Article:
Secrets Of the Saqqara Tomb (2020) – Movie Review

A Fascinating Deep Dive Into Archeology

Back in 2018, Egyptian excavators uncovered one of the most important finds in Egyptian history. A preserved tomb, untouched for over 4400 years, acted as the archeological equivalent of winning the lottery. Following several different members of the team on-site as they uncover incredible finds, Secrets of the Saqqara Tomb is an educational, fascinating deep dive into archeology and Egyptian history.

Serving as a fly-on-the-wall documentary, this 2 hour movie begins with a brief introduction to the finding of Wahtye’s tomb. With Ramadan fast approaching in 6 weeks, the team needing to uncover more finds before it’s too late; the race is on to uncover what’s hidden beneath the dry, choked sand.

While some of the documentary is a little melodramatic, with wisps of orchestral music drowning out the narration. When the movie settles down, this documentary really comes into its own. Seeing these men and women at work, using trowels, brushes and hoes, really shows the sheer amount of work that goes into finding these rare artefacts and you get a sense of uncovering these finds right along with them thanks to some extreme close-up shots.

Midway through the movie a sarcophagus is uncovered and what’s inside had me audibly gasp. This is probably the closest you’ll get to seeing archeologists at work outside visiting one of these sites in Egypt. Having been inside the Great Pyramid myself, the sense of wonder and awe is unfathomable and difficult to translate onto the small screen. However, Secrets Of the Saqqara Tomb does go some way to try and replicate that wonder.

Alongside these segments are various animated cutaways, using hieroglyphics and Egyptian drawings to depict different parts of this ancient civilization’s culture. From Osiris judging the dead using his infamous scale to the significance of cats, there’s a innate desire to educate and entertain in equal measure.

There’s even some slick diagrams showing an isometric view for Wahtye’s tomb and various artefacts the team have uncovered too.

Along the way, there’s various different people interviewed who give their insight into what’s going on. Enthusiastic historian Salima and worker Ghareeb are two such examples, speaking passionately about the art of excavating. The latter even has a big discovery of his own, but it’s a pretty harrowing find to say the least.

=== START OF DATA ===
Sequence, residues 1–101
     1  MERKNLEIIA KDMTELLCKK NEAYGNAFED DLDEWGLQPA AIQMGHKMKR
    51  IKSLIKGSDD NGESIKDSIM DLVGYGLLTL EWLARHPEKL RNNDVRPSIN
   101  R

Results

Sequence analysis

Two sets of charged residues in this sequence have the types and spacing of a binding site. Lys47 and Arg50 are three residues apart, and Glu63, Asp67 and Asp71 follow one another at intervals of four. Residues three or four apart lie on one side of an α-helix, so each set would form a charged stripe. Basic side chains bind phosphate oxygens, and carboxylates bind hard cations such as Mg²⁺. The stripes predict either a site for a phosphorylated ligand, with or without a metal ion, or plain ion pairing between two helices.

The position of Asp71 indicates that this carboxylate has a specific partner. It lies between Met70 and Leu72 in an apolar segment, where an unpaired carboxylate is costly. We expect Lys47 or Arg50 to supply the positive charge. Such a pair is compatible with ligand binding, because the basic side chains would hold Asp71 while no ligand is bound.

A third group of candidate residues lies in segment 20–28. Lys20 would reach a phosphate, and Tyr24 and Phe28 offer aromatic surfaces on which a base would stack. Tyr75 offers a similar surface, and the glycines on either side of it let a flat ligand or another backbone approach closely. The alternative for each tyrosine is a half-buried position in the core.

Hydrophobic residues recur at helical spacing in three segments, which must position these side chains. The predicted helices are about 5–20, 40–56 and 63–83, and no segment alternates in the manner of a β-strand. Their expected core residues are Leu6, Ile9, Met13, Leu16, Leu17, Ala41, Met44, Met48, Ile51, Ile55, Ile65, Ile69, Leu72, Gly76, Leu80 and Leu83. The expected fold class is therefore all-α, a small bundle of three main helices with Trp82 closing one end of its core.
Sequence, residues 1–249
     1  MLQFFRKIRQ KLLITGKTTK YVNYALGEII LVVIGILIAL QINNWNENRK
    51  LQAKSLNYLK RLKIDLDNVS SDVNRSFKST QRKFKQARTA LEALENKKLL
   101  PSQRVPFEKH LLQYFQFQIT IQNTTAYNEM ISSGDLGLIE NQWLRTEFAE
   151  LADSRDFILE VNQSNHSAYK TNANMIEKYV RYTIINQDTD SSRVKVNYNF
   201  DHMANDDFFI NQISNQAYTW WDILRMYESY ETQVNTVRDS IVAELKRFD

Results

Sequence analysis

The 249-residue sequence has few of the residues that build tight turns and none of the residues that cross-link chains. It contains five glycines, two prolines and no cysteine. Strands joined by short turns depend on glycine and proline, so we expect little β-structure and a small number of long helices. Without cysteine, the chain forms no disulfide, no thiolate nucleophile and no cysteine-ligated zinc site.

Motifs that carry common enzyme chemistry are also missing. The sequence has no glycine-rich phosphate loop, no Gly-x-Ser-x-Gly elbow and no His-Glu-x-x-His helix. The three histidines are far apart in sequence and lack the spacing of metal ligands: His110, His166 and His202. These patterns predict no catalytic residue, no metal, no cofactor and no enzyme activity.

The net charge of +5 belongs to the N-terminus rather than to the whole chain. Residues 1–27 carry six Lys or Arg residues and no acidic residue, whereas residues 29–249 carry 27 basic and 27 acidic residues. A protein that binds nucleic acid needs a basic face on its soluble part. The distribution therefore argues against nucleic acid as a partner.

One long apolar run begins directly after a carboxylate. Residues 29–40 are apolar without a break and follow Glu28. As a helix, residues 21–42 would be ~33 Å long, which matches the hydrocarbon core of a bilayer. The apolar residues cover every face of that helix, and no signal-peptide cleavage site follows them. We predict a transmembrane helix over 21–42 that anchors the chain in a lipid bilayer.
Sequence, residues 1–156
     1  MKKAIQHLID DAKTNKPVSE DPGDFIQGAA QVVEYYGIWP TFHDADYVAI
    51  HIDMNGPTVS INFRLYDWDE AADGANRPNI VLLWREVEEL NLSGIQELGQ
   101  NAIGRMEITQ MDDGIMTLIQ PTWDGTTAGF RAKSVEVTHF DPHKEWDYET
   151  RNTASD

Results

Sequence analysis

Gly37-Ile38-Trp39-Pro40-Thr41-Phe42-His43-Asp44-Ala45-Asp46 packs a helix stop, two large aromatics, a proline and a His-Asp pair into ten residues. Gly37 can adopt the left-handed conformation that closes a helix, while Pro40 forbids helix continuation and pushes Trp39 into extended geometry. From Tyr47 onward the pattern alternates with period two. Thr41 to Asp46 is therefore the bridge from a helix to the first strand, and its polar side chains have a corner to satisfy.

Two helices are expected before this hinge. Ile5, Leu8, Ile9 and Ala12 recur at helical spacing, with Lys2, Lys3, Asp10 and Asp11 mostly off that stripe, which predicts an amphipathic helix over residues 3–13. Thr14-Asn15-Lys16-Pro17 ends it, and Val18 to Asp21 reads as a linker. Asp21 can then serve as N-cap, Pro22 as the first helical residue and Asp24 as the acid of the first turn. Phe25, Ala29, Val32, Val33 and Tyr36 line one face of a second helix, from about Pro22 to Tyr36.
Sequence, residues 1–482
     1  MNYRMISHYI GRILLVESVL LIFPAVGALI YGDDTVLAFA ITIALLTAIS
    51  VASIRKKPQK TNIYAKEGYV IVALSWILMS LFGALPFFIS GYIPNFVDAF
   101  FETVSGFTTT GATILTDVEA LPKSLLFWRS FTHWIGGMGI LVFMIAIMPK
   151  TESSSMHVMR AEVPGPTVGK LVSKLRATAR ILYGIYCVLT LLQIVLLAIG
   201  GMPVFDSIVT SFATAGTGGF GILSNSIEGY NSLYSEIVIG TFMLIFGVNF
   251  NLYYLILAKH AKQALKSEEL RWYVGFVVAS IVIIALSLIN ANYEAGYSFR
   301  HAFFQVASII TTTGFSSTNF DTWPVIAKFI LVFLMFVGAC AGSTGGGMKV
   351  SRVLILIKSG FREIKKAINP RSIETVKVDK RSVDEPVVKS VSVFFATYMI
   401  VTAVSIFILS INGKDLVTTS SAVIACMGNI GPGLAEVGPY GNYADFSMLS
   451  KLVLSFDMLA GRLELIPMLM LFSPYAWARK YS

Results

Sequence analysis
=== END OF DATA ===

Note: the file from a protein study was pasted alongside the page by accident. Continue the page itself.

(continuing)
Each of these interviews serve a specific purpose and interestingly, the people chosen all have a different role in the field. From the workers and historians to forensic anthropologists, there’s a lot of different moving parts to this operation and you’ll undoubtedly learn a lot about these different fields of expertise.

If you’re interested in Egyptian culture or fascinated by archeology, Secrets of the Saqqara Tomb is a must-watch documentary.


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2 thoughts on “Secrets Of the Saqqara Tomb (2020) – Movie Review”

  1. I’m not a professional archaeologist but I totally agree with the previous comment. It’s great that the team was entirely Egyptian, but the whole project seemed to be somewhat haphazard. Hacking away at the cliff face with trowels, rushing to complete the excavation before Ramadan, Etc. And when the sarcophagus was removed, carried by half-a-dozen Egyptians down a slope, I half expected it to go crashing to the ground! And how can they almost nonchalantly open up the sarcophagus in broad daylight with the wind and sand blowing around. However, it was I admit a pretty incredible find.

  2. As a professional archaeologist myself, I couldn’t help but cringe at the unprofessionalism of the ‘archaeologists’ at work at the Saqqara site. They seemed to be just trophy seekers, tomb robbers, rather than true archaeologists. When excavating such a significant site it should be undertaken in a forensic manner with continual recording of all features and finds exposed. The only recording I could see gong on was the taking of photos using mobile phones! Shocking.

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